And after you're done telling us about your dream life, please go visit Lydia for her Medical Monday post (leech therapy! Aaaah! Talk about nightmare fodder) and Laura for her Mental Health Monday post (about whether it's normal to have imaginary friends ... or not).

25 comments:

  1. Ooh, your dream sounds a lot like mine. I've had this one for years and years--I'll have some sort of ability, whether it's flight or elemental control or whatever (I grew up on X-Men, it's true) and then I'll lose that power. I'll spend the entire dream trying to make it work again. Sometimes because I'm being chased or I need it to defend myself, other times just because I know I should be able to do it.

    I haven't had any of these recently, though, which is a relief as they're incredibly depressing and frustrating.

    Another recurring dream is that I get really angry at a certain family member and start shouting at them. That one's pretty transparent though. Issues, I have them. *g*

    Very interesting info about the dreams--thanks!

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  2. I'm similar; I have recurring dreams where I can fly, but then I start to lose the ability (sometimes completely, sometimes it just loses strength so I have to fly low). I assume it's a subconscious self-esteem thing. But other times I can just do it, so that's cool. I dream about my primary and upper school a lot.

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  3. ooo! I love stuff like this. What a cool post, and isn't that interesting about the ... that part of the brain w/the negative emotions. I wonder if they could use that to treat those types of people...?

    Anyway, you should use your recurring dream for a book. I can totally see that happening in novel form! I only have one recurring dream, and it's a house. Or maybe I should say it's a place that appears as a house because every time I dream it, the house looks different--either it's bigger or smaller or it's in a different location. But I always recognize it. And there's always something wrong that's hidden at first, but I find it. Like once I dreamed it was this huge mansion with gorgeous staircases and balconies. But when you tried climbing them or walking on them, they all wobbled and trembled wildly b/c they were all held up with toothpicks.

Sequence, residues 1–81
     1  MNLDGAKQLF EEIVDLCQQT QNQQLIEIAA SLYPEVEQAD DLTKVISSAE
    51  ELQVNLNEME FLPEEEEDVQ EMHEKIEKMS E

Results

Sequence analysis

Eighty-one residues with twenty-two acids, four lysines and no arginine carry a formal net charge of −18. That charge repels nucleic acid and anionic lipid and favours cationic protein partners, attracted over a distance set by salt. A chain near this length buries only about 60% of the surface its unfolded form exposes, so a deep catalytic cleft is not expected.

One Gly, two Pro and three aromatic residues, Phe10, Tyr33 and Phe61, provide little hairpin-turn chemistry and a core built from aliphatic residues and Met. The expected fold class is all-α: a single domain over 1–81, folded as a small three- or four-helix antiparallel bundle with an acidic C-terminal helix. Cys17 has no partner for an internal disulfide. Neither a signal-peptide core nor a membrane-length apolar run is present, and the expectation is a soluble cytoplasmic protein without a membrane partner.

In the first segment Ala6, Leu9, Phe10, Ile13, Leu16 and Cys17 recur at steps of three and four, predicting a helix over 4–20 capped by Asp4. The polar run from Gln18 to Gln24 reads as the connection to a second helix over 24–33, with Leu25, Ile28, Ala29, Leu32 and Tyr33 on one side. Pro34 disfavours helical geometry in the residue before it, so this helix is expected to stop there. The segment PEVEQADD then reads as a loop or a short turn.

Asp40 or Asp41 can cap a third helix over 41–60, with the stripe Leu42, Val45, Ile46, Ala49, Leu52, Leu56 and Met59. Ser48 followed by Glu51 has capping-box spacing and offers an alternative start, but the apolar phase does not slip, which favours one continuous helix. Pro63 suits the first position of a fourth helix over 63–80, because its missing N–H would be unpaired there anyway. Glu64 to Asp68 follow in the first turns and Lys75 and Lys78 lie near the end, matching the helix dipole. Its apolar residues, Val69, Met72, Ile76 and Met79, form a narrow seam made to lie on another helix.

Yep. It's always something like that. :D <3

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  4. I have vivid, memorable dreams. Some are very repetitive--I have a recurring one that I'm back in college and somehow I can't figure out how I'm going to live in a dorm room and take care of my kids at the same time, LOL.

    Great post!

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  5. This year, I've been having a lot of dreams about standing in front of a rowdy class of students who laugh in my face and don't listen to a word I say. No -- wait -- that's reality. That's my afternoon reading class!

    Speaking of punctuation, did you see the recent episode of 30 Rock where Tracey's entourage messed up his birthday party invitations? They printed the invitations to say: "Give to charity. Please no presents."

    What Tracey claims he wanted was: "Give to charity? Please, no! Presents!!!"